For 3 years, it ran in the Greeley Tribune. Since then, it has run in various subsidiaries of the Douglas County News Press. I still have most of my columns in digital format.
For many years, I only gave myself one rule: try to work the word "library" into every piece. My intent was to think in public about just what librarianship means at the end of the 20th century and beginning of the 21st.
After the 2008 election losses, followed by a recession, the Douglas County School District and the Douglas County Libraries had some cuts to make.
The school district chose to eliminate all of its subscription databases -- information resources offered over the Internet. At the same time, the library was looking at trimming its own subscriptions.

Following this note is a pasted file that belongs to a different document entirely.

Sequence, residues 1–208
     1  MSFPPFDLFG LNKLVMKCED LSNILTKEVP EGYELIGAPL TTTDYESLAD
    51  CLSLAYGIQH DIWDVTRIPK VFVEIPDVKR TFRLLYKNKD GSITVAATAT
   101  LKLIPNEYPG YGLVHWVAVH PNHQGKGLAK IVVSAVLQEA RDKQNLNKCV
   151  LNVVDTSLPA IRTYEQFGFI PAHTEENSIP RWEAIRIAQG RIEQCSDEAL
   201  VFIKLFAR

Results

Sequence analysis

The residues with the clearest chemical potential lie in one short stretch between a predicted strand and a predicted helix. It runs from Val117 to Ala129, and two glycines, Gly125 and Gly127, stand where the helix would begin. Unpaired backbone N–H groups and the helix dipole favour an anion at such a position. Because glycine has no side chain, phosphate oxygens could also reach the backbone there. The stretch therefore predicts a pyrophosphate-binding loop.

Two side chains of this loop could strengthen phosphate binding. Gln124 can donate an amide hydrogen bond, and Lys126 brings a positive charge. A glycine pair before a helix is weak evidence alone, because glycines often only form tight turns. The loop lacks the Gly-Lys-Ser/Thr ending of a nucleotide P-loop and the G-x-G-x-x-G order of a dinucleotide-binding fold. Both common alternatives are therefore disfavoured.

On the one hand, over the past couple of years, I've changed my whole idea of what my profession is about.
I used to think the library business was about access to "intellectual content," whether it be fiction, non-fiction, movies, or music.
As an undergraduate, I spent a lot of time at the student billiard center. Occasionally, smooth, well-dressed pool sharks would come through on tour. They had great names, like blues singers or gangsters: Las Vegas Jimmy, Spats McDonough, Gentleman Joe, and so on.